Regional News

Miami-Dade Needs $1B for Critical Water and Sewer Repairs

BRADENTON, Fla. — The Southeast’s largest public water and sewer system needs $1.1 billion in repairs, according to a report Miami-Dade County commissioners received Wednesday.

The repairs, which are required by an Environmental Protection Agency consent order being negotiated, are expected to be funded with a combination of revenue bonds, grants and loans.

Miami-Dade’s water distribution network covers 7,700 miles and its wastewater mains and pipes traverse more than 6,000 miles. The systems serve 422,000 water customers and 340,000 retail wastewater consumers, in addition to wholesale water and sewer services to more than a dozen municipalities in the county.

Some system components are more than half a century old, and the report released this week by the Miami-Dade Water and Sewer Department covers the “most deteriorated and vulnerable” parts of the system.

The estimated cost of rehabilitating or replacing the most critical water and sewer facilities is estimated at $1.1 billion, the report said, noting that all of the critical projects “are of equal importance.”

The projects outlined in the report are included in ongoing talks with the EPA. However, additional projects could be added when a final consent decree is proposed, said Doug Yonder, deputy director of the Water and Sewer Department.

“One of the things that we don’t know yet from the standpoint of the consent decree is what the agreeable schedule will be for doing these projects,” Yonder said. “If it is different than what we’ve assumed in the capital budget for the next five years, then the timing of the finance plan will be affected.”

The county has been under a consent decree since 1994, but recent discussions with the EPA and Florida Department of Environmental Regulation developed in May this year. A complaint has not been filed in federal court because negotiations between regulators and the county have not been adversarial, according to Yonder.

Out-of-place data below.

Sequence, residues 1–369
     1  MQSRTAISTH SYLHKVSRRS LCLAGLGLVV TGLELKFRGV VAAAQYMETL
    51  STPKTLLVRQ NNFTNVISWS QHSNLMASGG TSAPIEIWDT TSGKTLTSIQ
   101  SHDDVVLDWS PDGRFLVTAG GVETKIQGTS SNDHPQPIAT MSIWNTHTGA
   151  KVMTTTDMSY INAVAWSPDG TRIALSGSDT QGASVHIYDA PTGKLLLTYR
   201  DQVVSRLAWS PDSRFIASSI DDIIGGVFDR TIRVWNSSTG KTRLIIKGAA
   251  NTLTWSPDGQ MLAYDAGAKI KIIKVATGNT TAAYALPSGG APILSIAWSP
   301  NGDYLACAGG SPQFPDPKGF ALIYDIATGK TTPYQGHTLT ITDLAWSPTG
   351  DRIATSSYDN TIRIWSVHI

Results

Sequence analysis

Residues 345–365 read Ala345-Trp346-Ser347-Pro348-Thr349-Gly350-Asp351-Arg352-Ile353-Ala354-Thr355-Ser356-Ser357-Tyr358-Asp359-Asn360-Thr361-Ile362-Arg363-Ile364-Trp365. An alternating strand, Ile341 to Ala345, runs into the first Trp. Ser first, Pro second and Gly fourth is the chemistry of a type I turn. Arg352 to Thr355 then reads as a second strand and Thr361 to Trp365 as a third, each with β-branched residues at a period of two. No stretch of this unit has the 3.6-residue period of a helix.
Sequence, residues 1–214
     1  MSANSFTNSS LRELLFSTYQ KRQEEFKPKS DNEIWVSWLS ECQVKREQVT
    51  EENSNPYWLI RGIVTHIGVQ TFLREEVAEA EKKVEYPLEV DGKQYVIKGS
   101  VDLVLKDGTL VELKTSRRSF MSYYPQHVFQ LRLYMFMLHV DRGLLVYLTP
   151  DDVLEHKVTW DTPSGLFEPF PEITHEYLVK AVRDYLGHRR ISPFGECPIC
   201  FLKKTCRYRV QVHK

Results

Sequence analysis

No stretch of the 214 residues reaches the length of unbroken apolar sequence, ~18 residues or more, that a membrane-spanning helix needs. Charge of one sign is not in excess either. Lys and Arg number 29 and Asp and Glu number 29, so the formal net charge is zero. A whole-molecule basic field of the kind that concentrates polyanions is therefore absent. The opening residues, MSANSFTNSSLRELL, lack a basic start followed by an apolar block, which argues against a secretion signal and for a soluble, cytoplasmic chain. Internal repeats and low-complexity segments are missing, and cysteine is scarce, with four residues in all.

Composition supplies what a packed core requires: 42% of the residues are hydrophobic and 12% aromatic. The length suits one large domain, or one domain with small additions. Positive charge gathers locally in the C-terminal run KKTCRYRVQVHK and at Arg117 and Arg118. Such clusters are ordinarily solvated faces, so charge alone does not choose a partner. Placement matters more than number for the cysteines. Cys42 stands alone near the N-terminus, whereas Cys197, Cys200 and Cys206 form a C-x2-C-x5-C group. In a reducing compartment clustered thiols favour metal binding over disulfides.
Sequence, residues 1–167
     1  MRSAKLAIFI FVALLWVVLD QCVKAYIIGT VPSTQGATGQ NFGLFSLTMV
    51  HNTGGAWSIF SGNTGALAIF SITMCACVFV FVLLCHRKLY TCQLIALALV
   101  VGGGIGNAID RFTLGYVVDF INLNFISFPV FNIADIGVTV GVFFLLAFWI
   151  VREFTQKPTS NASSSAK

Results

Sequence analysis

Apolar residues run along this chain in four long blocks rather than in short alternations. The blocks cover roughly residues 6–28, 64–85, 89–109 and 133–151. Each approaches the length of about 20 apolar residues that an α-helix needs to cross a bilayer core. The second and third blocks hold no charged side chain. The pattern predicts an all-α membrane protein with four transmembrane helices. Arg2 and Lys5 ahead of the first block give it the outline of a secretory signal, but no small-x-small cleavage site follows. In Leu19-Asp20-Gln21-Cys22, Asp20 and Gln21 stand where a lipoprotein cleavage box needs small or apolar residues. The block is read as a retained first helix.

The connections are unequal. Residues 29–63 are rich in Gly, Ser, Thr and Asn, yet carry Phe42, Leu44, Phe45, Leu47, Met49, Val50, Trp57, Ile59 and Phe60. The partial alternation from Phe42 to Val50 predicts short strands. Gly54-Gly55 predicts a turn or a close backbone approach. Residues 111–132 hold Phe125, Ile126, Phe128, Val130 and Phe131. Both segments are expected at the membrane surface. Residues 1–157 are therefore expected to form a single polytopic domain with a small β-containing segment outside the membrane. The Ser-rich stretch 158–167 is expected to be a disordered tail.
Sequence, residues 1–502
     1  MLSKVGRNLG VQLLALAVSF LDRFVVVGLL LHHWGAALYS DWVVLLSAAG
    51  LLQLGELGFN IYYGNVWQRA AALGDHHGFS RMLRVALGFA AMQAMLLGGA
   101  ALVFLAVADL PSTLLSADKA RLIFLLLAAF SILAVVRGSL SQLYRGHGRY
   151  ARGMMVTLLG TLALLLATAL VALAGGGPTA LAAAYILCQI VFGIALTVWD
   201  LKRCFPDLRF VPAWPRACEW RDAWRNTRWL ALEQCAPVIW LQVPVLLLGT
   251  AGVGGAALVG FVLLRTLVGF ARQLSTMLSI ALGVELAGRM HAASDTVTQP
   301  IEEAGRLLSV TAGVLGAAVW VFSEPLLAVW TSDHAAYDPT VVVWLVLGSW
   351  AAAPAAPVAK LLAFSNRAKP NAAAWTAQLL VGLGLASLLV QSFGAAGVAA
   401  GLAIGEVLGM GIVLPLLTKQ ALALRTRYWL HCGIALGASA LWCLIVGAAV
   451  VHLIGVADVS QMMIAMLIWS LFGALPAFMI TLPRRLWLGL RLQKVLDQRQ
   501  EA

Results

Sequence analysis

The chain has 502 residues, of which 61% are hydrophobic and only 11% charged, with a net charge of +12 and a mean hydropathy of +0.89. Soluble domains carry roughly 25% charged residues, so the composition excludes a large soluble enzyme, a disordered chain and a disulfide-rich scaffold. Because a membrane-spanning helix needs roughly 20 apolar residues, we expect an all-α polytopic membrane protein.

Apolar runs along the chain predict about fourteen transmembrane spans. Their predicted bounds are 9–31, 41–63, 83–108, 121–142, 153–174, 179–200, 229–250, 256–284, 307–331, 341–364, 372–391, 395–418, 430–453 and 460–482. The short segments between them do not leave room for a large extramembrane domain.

He said he anticipates that a final consent decree will be proposed next spring.

Because fewer state and federal grants are available now than in the past, the county likely will have larger financings than previously anticipated.

“The implications of the report are that we’re going to be active in the bond market for the foreseeable future,” he said.

The county could be facing additional financing pressure because this week’s report does not include 90% of the other projects in the department’s 15-year capital plan.

Many of those are needed to do planned repairs or replacements of other aging system elements, or to meet population growth needs, according to Yonder. The planned projects alone are estimated to cost around $9 billion.

Commissioner Barbara Jordan, who is vice chair of the Infrastructure and Land Use Committee, asked in January for the comprehensive report on the county’s aging water and sewer infrastructure along with a cost analysis of repairing water and sewer lines and pipes.

A spokeswoman for Jordan said Thursday that the commissioner had not been able to read the entire report, and could not comment on its findings. The report is expected to be reviewed by several committees, and ultimately the full commission, in the coming bonds.

Miami-Dade has about $1.9 billion of outstanding water and sewer debt, and $124.2 million of long-term state revolving loans, according to the fiscal 2011 audit. The water and sewer revenue bonds are rated AA-minus by Fitch Ratings, Aa2 by Moody’s Investors Service, and A-plus by Standard & Poor’s.




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